on Saturday, March S!d. 1(7t at ten ocloclt in the
ivtruuou ,ur iuo purpose oi nis appointment wnen
and where all persons having a Uen on said fund can
wuj .1 tucjr oet! proper.
feb.Jl, U-lw Auditor.
In Proceedings for the Partition of the
ileal Jbstate ot liebecca Smith,
COLUMBIA COUiFFr, SS:
TUS COXM0NWS1LTH OT PlKKSVLVANU.
To A, K. Smith ofMadlsnn tyivnhfii .T.mo. wit
son and Susan his wife of DanvUle, Montour county.
J'enn'a.; Charles Dodson and Palmetta his wife of
, . v. nicxanuer u.Bmiui or said uan
vllle : John Smith of Greenwood township said Co-
uwuia wuulj , nauiuei iv. smuu oi 8aia ureen'
wood j Anna M. Smith of said Danville i H. V. hat-
tin. OUardlan Of ltOSa Hmlth nnrt nrant Nmlth
nors of Ureenwood aforesaid: Jacob Lonz of hno
township said Columbia county; Martha I)ng of satd
1. ... . -wuK-";3uuviiie, iaiga count;
l'a.: (Jesse Welser and Mallnd.i his wife of Orcne
aaia Lenign county ; Kdwln Itabenold and Matilda
, . i. ; ureneia; uenry irotrery ana Hannah
Klotzand Emellna hla wifrt r.r
Louisa county, Iowa : Peter Haas and Amanda his
-; ucimiwn. ain ix'iisii county: juutonutl
and Abigail hlnnffA nr amI . lan, nn.n . i.., t
bach and Isabella his wire of IrontAn ham rhirh
county i Qeorge litchard and Susan his wife of said
Allenwwn i Henry II. Werley, Hosa M. Werleyand
AUce V. Werley, a minor and Nathan Krum.Guard
lan of sail AUeo V. Werley of said Ahentown, lineal
descendants ot Kebecca Smith, deceased and to all
u,uc, lauuaiuieraiwj, ureeung: you ana each
of you are hereby eltedtobeand appear before the
Judges of our Orphans' Court la be held at Ulooms
burg on thenrst Monday of May next, then and
there to accept or refuse to lake tho real estate ot
said Rebecoa Smith, deceased at the appraised val i
atlon put upot It by the Inquest, duly awarded by
the said Court, and returned by tie sberirr, or show
cause why It shau not be sold. And hereof faU not.
Wltnoss tho Honorable William Kiwell, rresldent ot
our said court, at Oloombburg, tbe seventeenth
M. W. Ness, Deputy.
fcb. II, i:e-sw
ORPHANS' COURT SALE
REAL ESTATE !
In pursuance of an order of the Orphans' Court ot
Columbia county, the undersigned Kiecutor ot the
last wiu and testament of John Shuman, late of Bea
ver u)wn3nip.i;oiumDla county.doceased. win e,
to publio sale on the premises on
Saturday March 8th, A. D., 1879,
at ten o'clock a. m, the following valuable real ea-
uie, lo-wit '
The undivided ono-half Interest of said John thn.
man, aoceaseaia an.that Certain messuage and
TltAui OF LAND
situate tn Heaver township aforesaid bounded and
described as follows, to wit i NorthwMi hv i.n
of Christian Shuman, castwardly by land at Mrs.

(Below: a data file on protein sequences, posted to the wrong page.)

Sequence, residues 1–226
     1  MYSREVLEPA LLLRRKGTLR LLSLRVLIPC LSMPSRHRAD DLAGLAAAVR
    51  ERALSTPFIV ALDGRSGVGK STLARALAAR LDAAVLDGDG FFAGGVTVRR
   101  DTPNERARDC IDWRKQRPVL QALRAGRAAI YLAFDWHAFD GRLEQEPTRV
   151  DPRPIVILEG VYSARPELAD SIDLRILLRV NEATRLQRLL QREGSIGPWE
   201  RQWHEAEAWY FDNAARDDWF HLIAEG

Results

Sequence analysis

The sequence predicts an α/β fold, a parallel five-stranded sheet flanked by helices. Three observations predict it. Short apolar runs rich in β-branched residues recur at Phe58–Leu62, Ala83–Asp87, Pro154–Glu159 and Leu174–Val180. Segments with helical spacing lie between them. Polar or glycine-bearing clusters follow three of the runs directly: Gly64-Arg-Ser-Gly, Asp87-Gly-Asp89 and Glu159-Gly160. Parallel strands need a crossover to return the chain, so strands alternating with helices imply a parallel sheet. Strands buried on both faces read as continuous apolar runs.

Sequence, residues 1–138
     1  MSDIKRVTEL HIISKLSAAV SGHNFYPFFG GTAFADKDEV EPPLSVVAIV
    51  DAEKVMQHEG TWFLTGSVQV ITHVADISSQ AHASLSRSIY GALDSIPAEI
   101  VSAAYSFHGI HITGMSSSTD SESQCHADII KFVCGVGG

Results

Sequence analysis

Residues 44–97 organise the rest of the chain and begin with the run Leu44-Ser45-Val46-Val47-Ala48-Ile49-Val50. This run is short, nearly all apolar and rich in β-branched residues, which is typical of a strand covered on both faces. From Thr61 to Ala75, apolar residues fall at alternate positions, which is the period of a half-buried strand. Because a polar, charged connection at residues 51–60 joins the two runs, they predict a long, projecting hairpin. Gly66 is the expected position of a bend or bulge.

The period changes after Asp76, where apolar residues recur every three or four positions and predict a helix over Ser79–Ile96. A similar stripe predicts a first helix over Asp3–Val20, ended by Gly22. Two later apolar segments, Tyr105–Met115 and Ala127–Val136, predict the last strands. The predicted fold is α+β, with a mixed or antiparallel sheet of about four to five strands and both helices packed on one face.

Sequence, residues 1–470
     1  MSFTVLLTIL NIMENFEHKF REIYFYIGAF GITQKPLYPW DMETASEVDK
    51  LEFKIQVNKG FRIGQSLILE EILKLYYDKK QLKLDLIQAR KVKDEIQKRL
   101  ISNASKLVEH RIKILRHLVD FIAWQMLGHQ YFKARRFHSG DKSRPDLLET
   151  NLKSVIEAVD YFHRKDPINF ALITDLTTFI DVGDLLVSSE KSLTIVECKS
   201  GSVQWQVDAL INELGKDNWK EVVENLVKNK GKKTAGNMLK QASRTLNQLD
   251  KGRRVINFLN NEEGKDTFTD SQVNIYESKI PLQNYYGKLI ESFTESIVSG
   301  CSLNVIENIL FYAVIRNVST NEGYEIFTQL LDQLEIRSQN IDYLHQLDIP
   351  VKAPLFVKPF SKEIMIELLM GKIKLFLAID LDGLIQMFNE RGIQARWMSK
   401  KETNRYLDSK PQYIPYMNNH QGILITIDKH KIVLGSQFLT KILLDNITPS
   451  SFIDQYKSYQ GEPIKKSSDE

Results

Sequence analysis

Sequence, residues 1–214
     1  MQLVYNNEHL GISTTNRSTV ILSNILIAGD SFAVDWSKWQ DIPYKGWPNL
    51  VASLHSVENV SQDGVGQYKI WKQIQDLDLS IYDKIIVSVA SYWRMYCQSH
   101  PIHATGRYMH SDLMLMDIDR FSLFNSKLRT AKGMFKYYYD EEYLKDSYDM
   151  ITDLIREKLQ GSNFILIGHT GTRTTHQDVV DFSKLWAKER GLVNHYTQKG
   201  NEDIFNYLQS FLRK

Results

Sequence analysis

Caroline Mann and land ot Charles Michael, south-
""' ujmuaoi jonn Hoata and Jamhsrv .n
laua oi reter risner, containing
more or less.
ALSO, all that certain messnara and TrtArrr- hi
LAND Bltuate In the township ot Hearer aforesaid
uuuuucuaau uesenrjeaas follows. V Il Beirlnnlnj
at a black oak, corner, thence by land ot Charles
aiwaaci auuta juu-iy-iuree and a quarter degrees,
west tblrty.nve perches to a stone bean, then !,
lands of John Hoata due east,one hundred and nrrr.
six perches to a stone heap, thence by lands of the
no!, uuca mountain uoal and Iros Company north
tbu-ty-lhree and a quarter degrees east n..h.
uwj ui laaas ot T&omas Shearman's
ucu uuriu eignty-one degrees west 80 perches to a
stone heap, thence by said Shearman's heirs due
uurm . rcues to a stone heap formerly a black
oik, thence by lands of Charles Miehi a.i. i., .
ty-one degrees west one hundred and twenty-eight
kvv u vi ueginning, containing
vet cent, of rn.fn,it-t nf
the purchase money to be paid at the striking down
of the property j the one-fourth less
at tho connrmatlon ot sale, and the remaining three
fourths la one year thereafter, with' Interest from
ALSO, at the soma time andni..mlicuiV.
Elizabeth Shuman the other undlilded hif ir,.,..
of the am above described piece ot land, upon the
same terms as above stated.
I eb. 11, W78-U
1JTT SB! 54BADS.
Ketly and Cheaply priateTat the Coltjm
1 QTATEMKNT OP THE FINANCES
COUNTY OP COLUMBIA
from Jaantry 1st, 1STI to January 1st, ts;t.
Statement showing taies assessed and balance
ASSSSBCD. mi.!. BV.
DISTRICTS. Eg. g
nearer 55 68 103 r sss lit os 6oo
lienton 103 in uso si) ill so ssoo
Kerwlck liilio si sol ties lino 3JSI
lilooin r-OdOii 85 oo HI n tsioi ssol
nrlarcrvek lawm SIM) sou sit M si 60
Catawlssa,,,,.,. sots to ;M M5 tsoas lfM